3D TestsWe ran our test machines through a series of 3D applications, including a 3D animation package and several 3D games. The desktop G4 was tested with its original ATI Rage 128 graphics card, while the PowerBook was run with its built-in first generation Radeon Mobility graphics chips. In an effort to test the new system as thoroughly as possible, we tested the dual G5 with the three high-end graphics cards users can purchase for their new systems: the OEM version of the 8x AGP ATI Radeon 9600 Pro and the 8x AGP OEM NVIDIA GeForceFX 5200 Ultra, and, thanks to the good folks over at ATI, a retail version of ATIís 4x AGP Radeon 9800 Pro.
Walking into these tests, we were expecting the Radeon 9800 Pro to win almost every contest, hands down. With its superior specs, including 8 pixel pipelines, a 3.0 Gpixel/sec fill rate, 680 MHz memory clocks, 256-bit memory bus, 21.7 GB/s bandwith and 128 MB onboard memory, the 9800 is superior to the other two cards in almost every aspect; except for its 4x AGP rating, as well as its 380 MHz core clock speed Ė slightly slower than the Radeon 9600ís 400 MHz clock. While this adage held true in most tests, the GeforeceFX 5200 Ultra showed surprisingly strong results in some of our Unreal Tournament testing.
For a detailed rundown of the three graphics cards, check out IMGís recent review of the ATI Radeon 9800 Pro.
CineBench 2003The CineBench 2003 3D benchmarking utility is built upon Maxonís Cinema 4D 3D animation and rendering software. The utility runs through a series of highly-complex 3D renders, testing a CPUís ability to render 3D environments, both with and without OpenGL optimization. The test results reflect well a computerís speed by combining both its CPU speed and its graphics cardís power.
CineBench averages results from renders of two different projects to determine a computerís 3D speed. The first scene contains 37,000 polygons and 1,064 objects, and the second scene contains 70,000 polygons, but no textures. Each set of tests provide three results - the Cinema 4D Shading Test renders out the scene with the 3D packageís software shaders, measuring the unitís raw CPU power. The OpenGL Software Test renders the scene with the graphics card handling shading and transformation, while the CPU shader handles the lighting. The OpenGL Hardware Test renders the entire scene in hardware acceleration only, relying only on the graphics card to do the work.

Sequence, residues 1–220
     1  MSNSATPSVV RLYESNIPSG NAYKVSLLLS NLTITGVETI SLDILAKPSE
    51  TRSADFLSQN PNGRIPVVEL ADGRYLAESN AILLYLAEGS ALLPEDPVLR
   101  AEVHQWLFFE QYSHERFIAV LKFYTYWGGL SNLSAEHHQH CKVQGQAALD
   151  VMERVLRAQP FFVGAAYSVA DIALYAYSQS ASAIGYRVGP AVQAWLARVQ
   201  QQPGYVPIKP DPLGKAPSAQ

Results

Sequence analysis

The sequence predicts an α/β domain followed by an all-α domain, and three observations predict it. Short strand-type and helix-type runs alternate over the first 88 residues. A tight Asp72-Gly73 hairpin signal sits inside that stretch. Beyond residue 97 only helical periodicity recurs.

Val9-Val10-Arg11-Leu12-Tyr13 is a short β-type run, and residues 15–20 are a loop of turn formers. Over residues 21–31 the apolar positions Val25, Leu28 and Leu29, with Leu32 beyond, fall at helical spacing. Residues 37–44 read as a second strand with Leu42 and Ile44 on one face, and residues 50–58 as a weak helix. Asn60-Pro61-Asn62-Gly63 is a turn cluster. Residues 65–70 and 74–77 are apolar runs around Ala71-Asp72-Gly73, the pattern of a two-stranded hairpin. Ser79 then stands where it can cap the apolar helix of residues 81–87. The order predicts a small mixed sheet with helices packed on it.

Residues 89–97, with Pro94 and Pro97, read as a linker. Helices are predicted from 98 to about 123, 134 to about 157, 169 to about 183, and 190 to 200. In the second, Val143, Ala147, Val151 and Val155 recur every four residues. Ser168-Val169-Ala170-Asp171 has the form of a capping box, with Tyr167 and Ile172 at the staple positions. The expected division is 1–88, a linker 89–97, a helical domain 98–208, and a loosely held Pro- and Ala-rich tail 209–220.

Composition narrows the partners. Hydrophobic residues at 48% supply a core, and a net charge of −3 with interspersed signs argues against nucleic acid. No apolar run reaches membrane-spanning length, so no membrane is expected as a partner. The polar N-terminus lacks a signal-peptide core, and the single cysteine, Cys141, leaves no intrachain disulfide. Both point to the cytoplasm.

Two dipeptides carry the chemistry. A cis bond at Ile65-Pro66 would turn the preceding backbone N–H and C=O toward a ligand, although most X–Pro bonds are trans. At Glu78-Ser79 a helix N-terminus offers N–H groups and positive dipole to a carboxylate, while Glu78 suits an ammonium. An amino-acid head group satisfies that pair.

CineBench 2003 8.1 was used on the G4 computers, with the G5-optimized Cinebench 2003 8.1 beta running on the new computer.
OpenGL Hardware Lighting
The OpenGL Hardware test relies solely on the graphics cards to render out the images. Not surprisingly, ATIís Radeon 9800 Pro performed best in both tests, pumping about 11% more polygons per second than the 9600 and 38% more than the GeForceFX 5200 in OS X 10.2.8. Interestingly, OS X 10.3, despite sporting improved OpenGL support, slowed down the ATI cards marginally, and increased the 5200ís output rate by about 10,000 polygons per second. Despite these changes, the Radeon 9800 still outperformed the other two cards with similar margins than in the 10.2.8 tests. And for those keeping tabs, the G5 equipped with the factory-installed Radeon 9600 ran over 43 times faster than the 400 MHz G4 equipped with its Rage 128 card.
OpenGL Software Lighting
Using a mix of software lighting and hardware accelerated shading, the OpenGL Software Lighting test uses both the processor and graphics card to render out its scenes. While the G5ís 6.8 times speed increase over the first generation G4 desktop model is no surprise, what did surprise us was the results between the three competing graphics cards on the G5. As a mix of CPU and GPU work, we were expecting the results to mirror the OpenGL hardware test results, with ATIís cards showing a definite lead; however, our final results show all three cards performing very closely, with only a 2.2% difference between the fastest card Ė the Radeon 9800 Ė and the slowest, the GeForceFX 5200 in OS X 10.2.8. The margins were even smaller in our OS X 10.3 tests, with the Radeon 9800 performing only 0.7% faster than the GeForceFX 5200.
Cinema 4D Shading
In the software-only shading test, the G5 easily surpassed both the G4s, running about 4.8 times faster than the 400 MHz, and 3.6 times as fast as the 667 MHz. Since the Cinema 4D Shading test relies solely on the computerís processor to render out the scenes, itís no surprise that the results are all within a one- to two- percent spread. Although the Radeon 9800 ruled in OS X 10.2.8, the Radeon 9600 actually beat out ATIís flagship graphics card in OS 10.3.
Cinebenchís final tests raytraces a single frame from a ďreal-lifeĒ scene, lit by 35 light sources, 16 of which use shadow maps and cast soft shadows. Raytracing is a software-only rendering algorithm that produces some of the most realistic lighting and natural-looking images. Cinebenchís first tests a single processor, then repeats the render a second time, splitting the work between all available processors.
Being a CPU-only test, the results of the test are all very close between the three cards, with the Radeon 9600 configuration performing slightly faster than the Radeon 9800, which we attribute to the cardís faster 8x AGP bus speed.